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Foreign Policy

Sino-US Trade War Threatens Global Prosperity and Stability

Jun 06, 2019
  • He Wenping

    Senior Research Fellow, Charhar Institute and West Asia and Africa Studies Institute of the China Academy of Social Sciences

Sino-US relations have temporarily run aground after 11 rounds of negotiations to resolve trade frictions — rhetoric about conflict between China and the US, and even a “clash of civilizations,” have begun to permeate the media, academia, and politics.

The proliferation of this view, alongside the intentional or unintentional expansion of Sino-US economic and trade friction into the political and military fields — the conflict drawing in questions of values, governance models, or even so-called "civilizations" — has done great damage to the stability of Sino-US relations. The two sides benefit from cooperation, and would be damaged by confrontation. Especially at a moment when the world's political and economic landscape is facing drastic adjustment and turmoil, it is necessary to maintain overall stability in Sino-US relations, which is essential not only for China and the United States, but also for the recovery of the world economy and the maintenance of an orderly, balanced, and stable international order.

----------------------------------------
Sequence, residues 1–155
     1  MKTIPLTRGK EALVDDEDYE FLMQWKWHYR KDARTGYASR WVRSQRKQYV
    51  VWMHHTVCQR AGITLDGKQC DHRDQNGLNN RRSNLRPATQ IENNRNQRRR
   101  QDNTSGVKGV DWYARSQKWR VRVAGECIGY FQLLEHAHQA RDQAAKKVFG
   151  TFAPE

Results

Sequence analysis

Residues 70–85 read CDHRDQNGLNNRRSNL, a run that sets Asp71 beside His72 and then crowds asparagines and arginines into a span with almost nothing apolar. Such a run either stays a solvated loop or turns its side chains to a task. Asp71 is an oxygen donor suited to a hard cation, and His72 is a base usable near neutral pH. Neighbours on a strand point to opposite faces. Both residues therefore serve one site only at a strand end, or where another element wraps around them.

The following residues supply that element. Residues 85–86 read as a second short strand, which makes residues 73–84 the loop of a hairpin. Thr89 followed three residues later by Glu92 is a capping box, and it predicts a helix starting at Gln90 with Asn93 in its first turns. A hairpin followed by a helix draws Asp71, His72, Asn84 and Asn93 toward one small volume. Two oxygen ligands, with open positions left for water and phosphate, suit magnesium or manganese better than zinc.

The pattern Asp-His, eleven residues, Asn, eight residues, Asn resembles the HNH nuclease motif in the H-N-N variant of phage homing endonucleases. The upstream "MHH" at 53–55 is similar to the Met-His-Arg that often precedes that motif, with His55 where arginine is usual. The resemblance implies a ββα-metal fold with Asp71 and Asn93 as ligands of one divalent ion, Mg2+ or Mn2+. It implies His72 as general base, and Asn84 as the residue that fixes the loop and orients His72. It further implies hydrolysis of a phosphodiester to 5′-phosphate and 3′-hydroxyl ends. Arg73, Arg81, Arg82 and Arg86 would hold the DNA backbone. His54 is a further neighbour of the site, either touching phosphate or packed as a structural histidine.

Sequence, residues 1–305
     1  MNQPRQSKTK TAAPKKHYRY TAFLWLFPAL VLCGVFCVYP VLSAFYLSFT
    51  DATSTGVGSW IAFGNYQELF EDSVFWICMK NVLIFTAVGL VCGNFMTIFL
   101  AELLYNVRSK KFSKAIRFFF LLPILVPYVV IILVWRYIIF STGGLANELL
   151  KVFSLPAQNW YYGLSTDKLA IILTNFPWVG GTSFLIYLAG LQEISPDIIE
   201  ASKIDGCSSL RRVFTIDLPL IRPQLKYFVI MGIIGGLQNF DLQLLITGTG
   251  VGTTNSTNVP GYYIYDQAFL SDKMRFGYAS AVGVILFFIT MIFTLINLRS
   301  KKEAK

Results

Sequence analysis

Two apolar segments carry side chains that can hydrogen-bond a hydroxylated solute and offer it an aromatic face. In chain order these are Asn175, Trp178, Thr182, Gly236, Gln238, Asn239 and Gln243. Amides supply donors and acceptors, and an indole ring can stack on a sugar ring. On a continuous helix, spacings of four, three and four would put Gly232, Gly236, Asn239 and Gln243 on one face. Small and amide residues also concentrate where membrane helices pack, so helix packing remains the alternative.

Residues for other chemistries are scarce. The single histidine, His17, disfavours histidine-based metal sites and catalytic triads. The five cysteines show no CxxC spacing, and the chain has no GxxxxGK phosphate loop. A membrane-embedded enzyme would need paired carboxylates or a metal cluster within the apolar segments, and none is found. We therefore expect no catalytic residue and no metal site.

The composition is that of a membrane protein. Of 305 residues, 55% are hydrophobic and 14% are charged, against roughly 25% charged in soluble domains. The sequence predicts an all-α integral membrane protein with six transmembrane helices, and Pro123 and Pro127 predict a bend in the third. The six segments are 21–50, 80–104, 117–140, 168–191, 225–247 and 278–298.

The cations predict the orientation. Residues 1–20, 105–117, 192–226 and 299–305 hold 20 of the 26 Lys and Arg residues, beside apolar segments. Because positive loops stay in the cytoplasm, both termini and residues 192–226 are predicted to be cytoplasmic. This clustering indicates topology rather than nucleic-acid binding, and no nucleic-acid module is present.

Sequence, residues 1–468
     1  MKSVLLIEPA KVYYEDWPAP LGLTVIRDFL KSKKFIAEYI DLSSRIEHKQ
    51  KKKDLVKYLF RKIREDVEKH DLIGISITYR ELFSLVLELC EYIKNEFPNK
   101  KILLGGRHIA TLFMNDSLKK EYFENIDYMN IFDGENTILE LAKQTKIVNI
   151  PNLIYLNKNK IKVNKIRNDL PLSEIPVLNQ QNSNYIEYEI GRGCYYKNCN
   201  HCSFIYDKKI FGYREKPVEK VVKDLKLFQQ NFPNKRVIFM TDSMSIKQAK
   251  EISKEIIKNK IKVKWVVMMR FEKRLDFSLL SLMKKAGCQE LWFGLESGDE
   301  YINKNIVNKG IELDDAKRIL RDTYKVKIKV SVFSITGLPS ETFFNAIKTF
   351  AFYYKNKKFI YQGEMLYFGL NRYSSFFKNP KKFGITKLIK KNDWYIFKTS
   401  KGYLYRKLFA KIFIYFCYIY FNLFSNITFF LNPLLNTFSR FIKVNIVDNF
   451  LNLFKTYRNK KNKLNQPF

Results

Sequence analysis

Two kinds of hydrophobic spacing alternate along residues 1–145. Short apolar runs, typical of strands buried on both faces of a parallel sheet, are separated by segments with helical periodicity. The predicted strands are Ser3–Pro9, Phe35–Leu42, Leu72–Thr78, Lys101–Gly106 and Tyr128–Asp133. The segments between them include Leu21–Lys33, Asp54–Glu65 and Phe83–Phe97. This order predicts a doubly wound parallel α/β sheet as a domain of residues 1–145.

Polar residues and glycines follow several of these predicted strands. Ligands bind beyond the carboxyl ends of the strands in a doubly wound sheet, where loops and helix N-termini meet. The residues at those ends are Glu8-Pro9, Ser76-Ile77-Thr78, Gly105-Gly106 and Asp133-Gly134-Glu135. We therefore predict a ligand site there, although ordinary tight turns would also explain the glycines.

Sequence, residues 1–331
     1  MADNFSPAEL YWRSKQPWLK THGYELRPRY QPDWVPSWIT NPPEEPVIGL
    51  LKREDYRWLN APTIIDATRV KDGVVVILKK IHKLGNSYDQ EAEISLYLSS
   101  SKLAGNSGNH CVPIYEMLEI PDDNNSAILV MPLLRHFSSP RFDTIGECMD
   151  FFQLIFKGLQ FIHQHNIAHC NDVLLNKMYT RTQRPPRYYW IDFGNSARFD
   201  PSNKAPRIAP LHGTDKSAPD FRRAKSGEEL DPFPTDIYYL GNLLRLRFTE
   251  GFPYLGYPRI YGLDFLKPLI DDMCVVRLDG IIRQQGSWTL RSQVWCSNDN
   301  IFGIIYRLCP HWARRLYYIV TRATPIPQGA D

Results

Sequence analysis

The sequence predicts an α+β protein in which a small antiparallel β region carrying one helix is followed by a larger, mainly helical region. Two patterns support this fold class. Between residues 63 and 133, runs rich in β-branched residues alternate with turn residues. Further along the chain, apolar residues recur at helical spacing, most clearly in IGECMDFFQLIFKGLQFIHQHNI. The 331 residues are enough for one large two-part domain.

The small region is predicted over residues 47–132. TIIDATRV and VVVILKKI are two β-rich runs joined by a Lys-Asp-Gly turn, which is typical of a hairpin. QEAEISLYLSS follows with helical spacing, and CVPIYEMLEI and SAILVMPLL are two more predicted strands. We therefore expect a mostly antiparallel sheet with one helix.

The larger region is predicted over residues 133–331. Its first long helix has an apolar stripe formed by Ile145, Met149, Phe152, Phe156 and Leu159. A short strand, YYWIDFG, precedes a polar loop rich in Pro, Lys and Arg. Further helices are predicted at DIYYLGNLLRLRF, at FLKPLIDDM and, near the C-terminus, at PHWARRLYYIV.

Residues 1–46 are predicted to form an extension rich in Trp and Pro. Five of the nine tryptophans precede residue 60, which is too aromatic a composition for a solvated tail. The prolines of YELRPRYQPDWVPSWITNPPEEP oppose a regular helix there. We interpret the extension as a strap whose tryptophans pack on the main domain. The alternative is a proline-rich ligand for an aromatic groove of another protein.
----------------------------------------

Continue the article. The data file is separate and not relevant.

First, the Sino-US trade war is not helpful for either of the two major countries themselves, nor conducive to the stable and healthy development of Sino-US bilateral relations.
The ostensible reason for Trump to wave a tariff stick is the so-called trade imbalance between China and the United States — he argues that the US deficit is too large. But to solve a long-term, major trade deficit, the United States must improve the international competitiveness of American goods, raising its own internal strength by changing its pattern of excessive consumption and low domestic savings, and increasing investment in manufacturing and infrastructure. Otherwise, if the US does not find a solution to its domestic problems, but continues to increase tariffs on China, Europe, Mexico, Canada, Japan, India and others to solve America’s long-term trade deficit problem, it is like someone suffering a heart attack but only taking pills for indigestion. The effect is counterproductive to say the least.

The reality is that, since the United States started the trade war two years ago, the US trade deficit for the year 2018 not only did not diminish, but continued to grow. According to the latest trade data released by the Bureau of Economic Analysis (BEA) of the US Department of Commerce's on March 6, 2019, the US trade deficit in goods for 2018 was $891.3 billion, an all-time record high in US history and an increase of $83.8 billion over the 2017 deficit. On the one hand, as the growth of global demand slows down and the dollar continues to be strong, the competitiveness of US goods in international markets is weakened and US exports are hard to boost; on the other hand, the crackdown on China's trade has either passed on the tariff burden on to American consumers or created market vacancies due to the withdrawal of Chinese goods where the vacuums are quickly filled by third parties such as Vietnam, the Philippines, and Bangladesh.